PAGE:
“Number two, you shouldn’t be seen by the entire religious lobby to be alien —– a non-religious person. The third element: don’t be seen as an extension of the United States. Now I am branded as an extension, but not to the extent she was. Pakistanis know that I can be tough. I can speak out against Hillary Clinton. I can speak out against anyone. These are the elements. You be the judge.”

First things first, then. Why in God’s name did Musharraf say “the United States thought …”. Is it the case that his heart was not in reconciliation with Benazir; that the only reason he let her come back was because the US leaned rather heavily on him? More importantly, how did Musharraf come to the conclusion that Benazir was “very unpopular” with the “military”? Did the chief of air staff tell him that on behalf of his service and the chief of naval staff on behalf of his, after carrying out a poll to determine the popularity or otherwise of Benazir Bhutto? Did he as COAS carry out a poll among the rank and file of the army? (I have said it before, I shall say it again: no one gives a solitary fig for the other two services; it IS the army first, second, and last, so let’s please get off this “military” nonsense).

Indeed, could it not be the case that the People’s Party, whose support comes from the more disadvantaged and poorer sections of our society from which comes the soldiery, is popular among the troops, but is “very unpopular” with the small coterie of self-seeking senior generals who engineer coups d’ etat and take over the government every so often?

If this is the case, did Musharraf as COAS for 10 rather long years, attempt to dispel any misgivings about a politician of note such as Benazir Bhutto among his cohorts? And if he did not, why did he not? For it is not the place of the army to say whether a certain politician is “popular” with it or not. In every civilised country the army is yet another department of the government, no more no less, and takes orders from the elected government of the day. It does not debate the popularity of the elected prime minister among its own ranks!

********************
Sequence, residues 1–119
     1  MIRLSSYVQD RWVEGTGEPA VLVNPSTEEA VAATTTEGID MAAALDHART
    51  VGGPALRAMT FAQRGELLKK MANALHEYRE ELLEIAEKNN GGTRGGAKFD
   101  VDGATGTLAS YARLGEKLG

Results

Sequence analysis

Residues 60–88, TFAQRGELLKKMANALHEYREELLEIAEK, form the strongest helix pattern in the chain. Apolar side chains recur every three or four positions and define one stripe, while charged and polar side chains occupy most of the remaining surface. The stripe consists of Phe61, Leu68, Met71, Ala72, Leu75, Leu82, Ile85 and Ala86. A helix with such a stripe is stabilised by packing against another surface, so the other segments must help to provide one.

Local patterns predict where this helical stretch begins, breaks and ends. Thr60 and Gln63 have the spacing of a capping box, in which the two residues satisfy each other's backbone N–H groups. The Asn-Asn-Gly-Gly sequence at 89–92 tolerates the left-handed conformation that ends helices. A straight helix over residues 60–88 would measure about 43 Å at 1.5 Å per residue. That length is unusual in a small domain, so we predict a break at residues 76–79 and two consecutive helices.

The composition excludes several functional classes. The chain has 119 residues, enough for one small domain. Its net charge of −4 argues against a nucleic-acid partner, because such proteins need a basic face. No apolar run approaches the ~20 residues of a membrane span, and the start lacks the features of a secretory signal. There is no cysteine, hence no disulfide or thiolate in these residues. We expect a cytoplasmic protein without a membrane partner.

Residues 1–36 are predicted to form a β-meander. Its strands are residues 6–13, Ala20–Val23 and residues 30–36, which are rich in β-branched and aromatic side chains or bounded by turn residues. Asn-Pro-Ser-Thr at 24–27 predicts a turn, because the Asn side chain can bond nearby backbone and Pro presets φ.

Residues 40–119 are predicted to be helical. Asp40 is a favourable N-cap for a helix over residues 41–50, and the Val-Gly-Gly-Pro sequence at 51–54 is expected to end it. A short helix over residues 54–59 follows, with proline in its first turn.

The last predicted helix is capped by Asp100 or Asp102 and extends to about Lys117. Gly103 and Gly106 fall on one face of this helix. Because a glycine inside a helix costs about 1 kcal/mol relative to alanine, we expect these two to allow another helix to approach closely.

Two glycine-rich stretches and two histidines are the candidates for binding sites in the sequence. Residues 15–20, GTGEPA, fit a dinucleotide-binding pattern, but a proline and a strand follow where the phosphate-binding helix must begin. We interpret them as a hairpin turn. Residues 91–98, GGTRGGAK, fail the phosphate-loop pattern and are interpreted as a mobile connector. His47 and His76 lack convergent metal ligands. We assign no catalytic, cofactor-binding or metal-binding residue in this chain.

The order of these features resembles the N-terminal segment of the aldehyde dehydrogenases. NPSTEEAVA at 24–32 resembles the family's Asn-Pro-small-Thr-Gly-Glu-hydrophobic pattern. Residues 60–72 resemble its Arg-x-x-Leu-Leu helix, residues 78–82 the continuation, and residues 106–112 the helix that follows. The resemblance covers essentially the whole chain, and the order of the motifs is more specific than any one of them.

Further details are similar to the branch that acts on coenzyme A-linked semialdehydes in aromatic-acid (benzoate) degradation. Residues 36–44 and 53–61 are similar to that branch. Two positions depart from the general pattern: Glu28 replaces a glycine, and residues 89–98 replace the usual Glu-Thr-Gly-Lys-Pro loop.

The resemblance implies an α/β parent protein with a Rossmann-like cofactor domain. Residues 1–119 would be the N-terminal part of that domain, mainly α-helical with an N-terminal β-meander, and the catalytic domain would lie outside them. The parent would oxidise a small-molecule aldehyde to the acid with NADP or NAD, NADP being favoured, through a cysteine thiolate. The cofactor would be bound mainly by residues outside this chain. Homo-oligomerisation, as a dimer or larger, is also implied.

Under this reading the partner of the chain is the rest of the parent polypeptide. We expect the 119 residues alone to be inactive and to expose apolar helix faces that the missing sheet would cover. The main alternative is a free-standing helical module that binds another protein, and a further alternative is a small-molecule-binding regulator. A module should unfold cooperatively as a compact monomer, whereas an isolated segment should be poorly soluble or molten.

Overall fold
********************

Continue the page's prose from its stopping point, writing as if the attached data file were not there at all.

Be as it may, why in the world was Benazir Bhutto “very unpopular” with the army brass hats? And her father before her, for he was “very unpopular” with the brass hats too? We shall see next week for there is such a lot to say, so much to recall; so much was done to shore up the army’s morale and refurbish and overhaul its materiel immediately after Pakistan was torn asunder in 1971 that many Pakistanis in uniform and on civvie street don’t know about because, simply, they weren’t even born then. It is also the case that successive army dictators have attempted to rewrite this unfortunate country’s history for their own narrow motives. I know, for I was there.

More next week, including a look at the other aspects of Musharraf’s absurd, strange and most unfortunate statement.

P.S. Premonition: Scotland Yard will end up with much (dirty) egg on its face which will take as many decades to wash off as it took gaining its fine reputation.

kshafi1@yahoo.co.uk